Far From Home: The Afghans Aiding Afghanistan

Global attention on Afghanistan has largely dried up, but the Afghan diaspora cannot look away.

Far From Home: The Afghans Aiding Afghanistan

A man distributes bread to burqa-wearing Afghan women outside a bakery in Kabul, Afghanistan, Thursday, Dec, 2, 2021.

Credit: AP Photo/Petros Giannakouris, File

A global business enterprise pivoted to become a fundraising platform; a research institute became a charity; an entrepreneur donated a portion of each sale to a charity; a community cooked Afghan dishes to raise funds. This is the Afghan diaspora, spread over the world from Germany to California to Australia and working to help their homeland, Afghanistan, survive a devastating hunger crisis from thousands of miles away.

The lingering hunger crisis in Afghanistan has provoked a sense of responsibility and generosity among diaspora communities that stretch across the world. Decades of instability flung the Afghan diaspora around the globe, to places as disparate as Australia and Germany, metropolises like London to Los Angeles. These communities are now raising funds, donating, and getting creative to support those still in Afghanistan, trapped in increasingly difficult circumstances.

The diaspora’s efforts are driven by their personal experiences wrestling with poverty in the country, by their age-old homesickness, and by their lifelong love for their country. With gestures as small as sharing a fundraising link on their social media pages or donating $5 to a charity, they aim to save as many people from starvation as possible. Despite the monumental challenge of it, they hope to fill in the yawning gap left by the failure of the international community to combat the layered crises in Afghanistan.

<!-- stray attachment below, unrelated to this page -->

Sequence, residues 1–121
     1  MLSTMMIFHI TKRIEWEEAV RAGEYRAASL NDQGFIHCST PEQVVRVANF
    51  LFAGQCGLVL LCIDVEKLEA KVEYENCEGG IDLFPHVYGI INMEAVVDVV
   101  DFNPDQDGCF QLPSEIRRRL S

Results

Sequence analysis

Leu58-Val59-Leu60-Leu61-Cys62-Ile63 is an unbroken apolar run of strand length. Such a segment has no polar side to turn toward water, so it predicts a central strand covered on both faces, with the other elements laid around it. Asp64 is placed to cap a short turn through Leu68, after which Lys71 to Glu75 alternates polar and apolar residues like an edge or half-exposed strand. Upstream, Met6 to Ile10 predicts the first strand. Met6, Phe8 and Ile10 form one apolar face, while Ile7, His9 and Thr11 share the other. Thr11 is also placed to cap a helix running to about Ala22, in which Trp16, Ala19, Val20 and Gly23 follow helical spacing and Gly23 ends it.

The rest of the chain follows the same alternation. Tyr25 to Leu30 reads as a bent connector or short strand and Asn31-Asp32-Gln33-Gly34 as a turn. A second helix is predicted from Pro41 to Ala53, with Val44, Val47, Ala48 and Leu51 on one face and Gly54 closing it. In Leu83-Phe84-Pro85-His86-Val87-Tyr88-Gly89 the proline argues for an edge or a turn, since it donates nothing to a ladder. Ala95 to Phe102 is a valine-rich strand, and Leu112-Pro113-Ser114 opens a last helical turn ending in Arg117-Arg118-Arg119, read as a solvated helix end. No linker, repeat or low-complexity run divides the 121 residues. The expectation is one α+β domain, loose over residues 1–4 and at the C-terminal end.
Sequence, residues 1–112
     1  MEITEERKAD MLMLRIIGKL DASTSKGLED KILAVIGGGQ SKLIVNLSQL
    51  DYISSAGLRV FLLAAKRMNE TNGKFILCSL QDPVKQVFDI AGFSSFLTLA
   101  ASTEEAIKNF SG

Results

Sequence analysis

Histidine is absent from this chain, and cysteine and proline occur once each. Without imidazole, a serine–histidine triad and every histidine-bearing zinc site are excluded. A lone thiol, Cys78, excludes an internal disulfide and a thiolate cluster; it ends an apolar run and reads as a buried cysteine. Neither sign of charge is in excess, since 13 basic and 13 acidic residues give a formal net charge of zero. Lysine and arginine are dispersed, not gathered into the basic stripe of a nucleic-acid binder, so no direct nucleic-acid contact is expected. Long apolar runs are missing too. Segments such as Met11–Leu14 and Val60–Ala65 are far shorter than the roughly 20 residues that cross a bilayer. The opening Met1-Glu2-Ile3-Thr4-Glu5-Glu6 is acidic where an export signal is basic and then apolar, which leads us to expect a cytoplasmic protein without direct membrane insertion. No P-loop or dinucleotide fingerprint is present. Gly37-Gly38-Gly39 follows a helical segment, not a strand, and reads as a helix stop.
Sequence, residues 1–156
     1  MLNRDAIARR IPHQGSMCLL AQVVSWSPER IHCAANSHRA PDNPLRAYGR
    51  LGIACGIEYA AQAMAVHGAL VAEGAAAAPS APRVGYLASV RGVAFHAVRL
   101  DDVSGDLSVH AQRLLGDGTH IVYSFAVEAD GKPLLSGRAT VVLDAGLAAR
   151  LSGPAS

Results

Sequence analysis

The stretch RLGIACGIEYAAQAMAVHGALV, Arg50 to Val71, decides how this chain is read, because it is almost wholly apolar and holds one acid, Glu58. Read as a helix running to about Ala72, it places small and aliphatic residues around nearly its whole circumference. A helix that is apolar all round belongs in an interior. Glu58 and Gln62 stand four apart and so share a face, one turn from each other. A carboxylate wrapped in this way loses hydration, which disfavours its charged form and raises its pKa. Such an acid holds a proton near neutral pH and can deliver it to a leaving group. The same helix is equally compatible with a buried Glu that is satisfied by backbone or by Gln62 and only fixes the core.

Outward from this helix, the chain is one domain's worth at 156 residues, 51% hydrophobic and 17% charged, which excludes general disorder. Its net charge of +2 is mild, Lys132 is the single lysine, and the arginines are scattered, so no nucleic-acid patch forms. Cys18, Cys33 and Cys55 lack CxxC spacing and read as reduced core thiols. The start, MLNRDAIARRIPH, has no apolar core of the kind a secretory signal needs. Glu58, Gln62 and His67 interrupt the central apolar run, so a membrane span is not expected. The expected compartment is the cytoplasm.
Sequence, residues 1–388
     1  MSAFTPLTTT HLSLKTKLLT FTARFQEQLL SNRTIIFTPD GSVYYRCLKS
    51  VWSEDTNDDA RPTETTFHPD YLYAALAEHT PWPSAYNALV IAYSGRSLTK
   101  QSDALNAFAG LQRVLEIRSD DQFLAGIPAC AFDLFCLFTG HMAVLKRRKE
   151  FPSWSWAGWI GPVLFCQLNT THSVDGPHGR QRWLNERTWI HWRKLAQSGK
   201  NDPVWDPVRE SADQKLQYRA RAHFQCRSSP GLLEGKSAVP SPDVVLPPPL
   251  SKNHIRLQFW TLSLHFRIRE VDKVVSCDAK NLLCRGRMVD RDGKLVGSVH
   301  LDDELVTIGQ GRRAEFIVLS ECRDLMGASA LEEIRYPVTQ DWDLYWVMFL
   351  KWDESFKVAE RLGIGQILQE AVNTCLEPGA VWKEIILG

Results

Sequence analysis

Over the past several months, a starvation crisis has loomed larger each week in plain sight, with development agencies sounding the alarm. The United Nations’ World Food Program says that as much as 95 percent of the Afghan population lacks enough food. Save the Children said 14 million children in Afghanistan faced “life-threatening levels of hunger.”

But in response, in late March when the United Nations made an aid appeal of $4.44 billion to help the country, only half of the appeal was met with pledges.

Attention on Afghanistan, and its many challenges, was already in free fall before Russia’s February 24 invasion of Ukraine. The ongoing war in Ukraine has further drained attention from Afghanistan, but it dealt other blows too. Ukraine, once a donor of aid to Afghanistan, has now become a competing recipient of aid. Furthermore, the war in Europe has stymied exports of wheat, which both Ukraine and Russia previously exported in vast amounts. With bread a main staple of the Afghan diet, the war in Ukraine has further damaged already stressed food supply chains, deepening hunger.

“There is a feeling among the diaspora community” to help people in Afghanistan, said Omar Haidari, an Afghan advocate and fundraiser who lives in Berlin, Germany. “The diaspora saw the selective solidarity of the West and felt Afghans have only got themselves.”